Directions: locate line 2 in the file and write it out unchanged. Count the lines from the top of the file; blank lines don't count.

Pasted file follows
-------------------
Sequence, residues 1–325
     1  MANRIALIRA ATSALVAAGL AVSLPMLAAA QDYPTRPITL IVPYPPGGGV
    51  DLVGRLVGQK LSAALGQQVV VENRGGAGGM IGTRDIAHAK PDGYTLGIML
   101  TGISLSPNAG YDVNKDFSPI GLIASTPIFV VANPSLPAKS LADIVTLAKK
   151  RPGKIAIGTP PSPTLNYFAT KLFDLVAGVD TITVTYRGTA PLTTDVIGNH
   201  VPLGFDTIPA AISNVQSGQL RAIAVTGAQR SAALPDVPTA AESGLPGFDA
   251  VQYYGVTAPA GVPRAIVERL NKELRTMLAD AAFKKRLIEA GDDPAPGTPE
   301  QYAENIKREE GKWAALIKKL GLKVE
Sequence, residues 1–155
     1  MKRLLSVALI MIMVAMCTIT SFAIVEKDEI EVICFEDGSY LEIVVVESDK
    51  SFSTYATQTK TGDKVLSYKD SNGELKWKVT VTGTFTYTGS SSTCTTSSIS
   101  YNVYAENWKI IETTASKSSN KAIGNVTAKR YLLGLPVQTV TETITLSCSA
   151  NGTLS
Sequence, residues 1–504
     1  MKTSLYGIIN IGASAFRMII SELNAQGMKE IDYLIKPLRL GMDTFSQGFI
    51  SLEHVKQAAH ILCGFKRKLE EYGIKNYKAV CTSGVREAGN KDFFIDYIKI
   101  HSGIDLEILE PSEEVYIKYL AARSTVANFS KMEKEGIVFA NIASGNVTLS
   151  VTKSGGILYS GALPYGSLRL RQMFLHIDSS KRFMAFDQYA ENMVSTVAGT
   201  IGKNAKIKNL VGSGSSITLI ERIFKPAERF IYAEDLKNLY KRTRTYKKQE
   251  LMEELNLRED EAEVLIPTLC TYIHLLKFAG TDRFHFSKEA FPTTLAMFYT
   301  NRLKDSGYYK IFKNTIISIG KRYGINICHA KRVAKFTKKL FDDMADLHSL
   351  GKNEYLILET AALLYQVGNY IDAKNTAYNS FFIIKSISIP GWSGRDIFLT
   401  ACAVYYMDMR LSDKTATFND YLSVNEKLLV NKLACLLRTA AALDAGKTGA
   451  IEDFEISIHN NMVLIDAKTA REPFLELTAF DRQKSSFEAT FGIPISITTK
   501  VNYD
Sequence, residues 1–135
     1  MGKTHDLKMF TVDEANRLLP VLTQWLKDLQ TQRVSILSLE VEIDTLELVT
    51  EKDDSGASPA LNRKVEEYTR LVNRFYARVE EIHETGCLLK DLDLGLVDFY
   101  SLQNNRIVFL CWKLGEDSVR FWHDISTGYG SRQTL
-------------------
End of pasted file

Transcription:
     1  MANRIALIRA ATSALVAAGL AVSLPMLAAA QDYPTRPITL IVPYPPGGGV